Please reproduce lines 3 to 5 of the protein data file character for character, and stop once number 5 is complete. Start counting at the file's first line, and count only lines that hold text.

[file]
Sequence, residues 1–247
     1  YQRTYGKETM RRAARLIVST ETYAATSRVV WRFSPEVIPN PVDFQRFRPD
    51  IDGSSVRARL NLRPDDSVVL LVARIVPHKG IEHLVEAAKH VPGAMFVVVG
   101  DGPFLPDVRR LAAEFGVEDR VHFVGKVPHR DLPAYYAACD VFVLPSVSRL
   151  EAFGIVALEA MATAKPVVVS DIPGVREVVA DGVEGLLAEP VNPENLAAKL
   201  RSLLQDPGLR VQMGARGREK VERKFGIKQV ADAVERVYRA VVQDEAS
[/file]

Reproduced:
    51  IDGSSVRARL NLRPDDSVVL LVARIVPHKG IEHLVEAAKH VPGAMFVVVG
   101  DGPFLPDVRR LAAEFGVEDR VHFVGKVPHR DLPAYYAACD VFVLPSVSRL
   151  EAFGIVALEA MATAKPVVVS DIPGVREVVA DGVEGLLAEP VNPENLAAKL